The full, updated travel advisory list is as follows:

  • Alaska 
  • Alabama 
  • Arkansas 
  • Arizona 
  • Colorado 
  • Delaware 
  • Florida 
  • Georgia 
  • Guam 
  • Iowa 
  • Idaho 
  • Illinois 
  • Indiana 
  • Kansas 
  • Kentucky 
  • Louisiana 
  • Maryland 
  • Michigan 
  • Minnesota 
  • Missouri 
  • Mississippi 
  • Montana 
  • North Carolina 
  • North Dakota 
  • Nebraska 
  • New Mexico 
  • Nevada 
  • Ohio 
  • Oklahoma 
  • Puerto Rico 
  • Rhode Island 
  • South Carolina 
  • South Dakota 
  • Tennessee 
  • Texas 
  • Utah 
  • Virginia 
  • Wisconsin 
  • West Virginia 
  • Wyoming 

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Five Towns COVID-19 Hot Spot Infection Rates Decline

Blood sample tube positive with COVID-19 or novel coronavirus 2019 found in Wuhan, China

Progress has been made in tamping down a spike in coronavirus cases in the Five Towns area, Nassau County officials said Tuesday while opening a new drive-through COVID-19 rapid test site in the community.

The infection rate in Lawrence and Inwood has dropped from up to seven times to four times higher than the county-wide average of about 1 percent, although there has been a slight uptick in cases in Woodmere, officials said.

“This is a little bit of a troubling spot,” Nassau County Executive Laura Curran told reporters during while announcing the debut of the new drive-through test site at the Five Towns Community Center in a partnership with Mount Sinai South Nassau hospital in Oceanside.

Parts of the Five Towns have been included in the New York State Cluster Action Initiative aimed at containing COVID-19 hot spots in Brooklyn, Rockland, and Orange counties, which face the strictest rules and have been marked as red zones by health officials.

Buffer zones around the targeted communities bleed across the New York City line into southwestern Nassau, with less stringent orders in orange zones such as parts of Lawrence and Inwood, and yellow zones like Cedarhurst. The zones are subject to change as the hot spot infection rates are updated.

“We’re heading in the right direction,” said Nassau Health Commissioner Dr. Lawrence Eisenstein, noting that rates have reached a plateau. “We want to get the transmission rate here below what it is now.”

Related Story: NY Limits Activity in Lawrence, Inwood Amid COVID-19 Hot Spot Response

Related Story: COVID-19 Hospitalization Uptick Eyed on Long Island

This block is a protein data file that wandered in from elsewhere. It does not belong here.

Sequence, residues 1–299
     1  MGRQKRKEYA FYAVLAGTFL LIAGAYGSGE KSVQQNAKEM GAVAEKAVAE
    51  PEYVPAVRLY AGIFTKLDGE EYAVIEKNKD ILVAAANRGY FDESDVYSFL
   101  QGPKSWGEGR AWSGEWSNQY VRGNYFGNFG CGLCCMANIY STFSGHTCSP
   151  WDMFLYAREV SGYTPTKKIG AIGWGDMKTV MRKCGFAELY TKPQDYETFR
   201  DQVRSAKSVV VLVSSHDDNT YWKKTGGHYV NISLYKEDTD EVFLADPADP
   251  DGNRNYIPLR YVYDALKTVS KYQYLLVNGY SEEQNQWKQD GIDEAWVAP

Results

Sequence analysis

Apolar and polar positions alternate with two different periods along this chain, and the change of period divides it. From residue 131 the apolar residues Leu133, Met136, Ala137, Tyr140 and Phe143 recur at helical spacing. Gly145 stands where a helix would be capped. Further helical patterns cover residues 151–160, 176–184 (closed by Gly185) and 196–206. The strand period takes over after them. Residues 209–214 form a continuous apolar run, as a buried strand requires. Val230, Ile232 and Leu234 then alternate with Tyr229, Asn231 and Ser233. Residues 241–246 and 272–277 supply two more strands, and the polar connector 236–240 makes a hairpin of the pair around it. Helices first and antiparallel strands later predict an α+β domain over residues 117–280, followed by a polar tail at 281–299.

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COVID-19 Hospitalization Uptick Eyed on Long Island

FILE PHOTO: Scientists work in a lab testing COVID-19 samples at New York City's health department, during the outbreak of the coronavirus disease (COVID-19) in New York City, New York U.S., April 23, 2020. Picture taken April 23, 2020. REUTERS/Brendan McDermid/

Long Island officials are closely watching a slight increase in patients being treated for coronavirus at hospitals across the region in recent weeks.

As of Monday, 64 people were hospitalized with COVID-19 in Nassau and 35 hospital patients have been diagnosed with the virus in Suffolk, officials said. While nowhere near the April peak of about 2,500 in Nassau and 1,658 in Suffolk, virus hospitalizations are up from a low of 24 for each county in recent months.

“That can largely be attributed to infections in our community primarily originating in high school- and college-aged people,” Nassau County Executive Laura Curran told reporters Monday during a news conference in Mineola. “While the numbers are slightly higher, it’s nowhere near where we were at the worst days of the pandemic.”

As for the most serious COVID-19 hospitalizations, Nassau reported 16 patients in intensive care units and Suffolk had five in ICUs as of Monday. That’s compared to the peak of 592 in Nassau and 562 in Suffolk in April. Overall, there were nearly 1,000 people hospitalized with COVID-19 across New York State, Gov. Andrew Cuomo said on Monday. 

“They don’t do a lot of discharges over the weekend,” Cuomo said. “The good news in the 934 is the admissions were down over the weekend … Fewer people went into the hospitals.”

Officials are watching hospitalizations closely as health experts have warned of the possibility of a second wave this fall. LI’s coronavirus infection rate has hovered around 1 percent since the summer, although parts of the Five Towns area have seen spikes that prompted New York State to include some of Lawrence, Inwood, and Cedarhurst in a recent crackdown aimed at curbing the spread.

Suffolk officials noted that some hospital patients were admitted for other ailments or injuries and tested positive for coronavirus during their treatments.

Suffolk County Executive Steve Bellone had cautioned last week that officials were “watching very closely” a trend of increasing hospitalizations in the county. Virus hospitalizations had hovered around 20 over the summer, but had been closer to 40 for a couple weeks. But there was good news this week.

“That trend has not continued,” he said on Monday.

Related Story: NY Limits Activity in Lawrence, Inwood Amid COVID-19 Hot Spot Response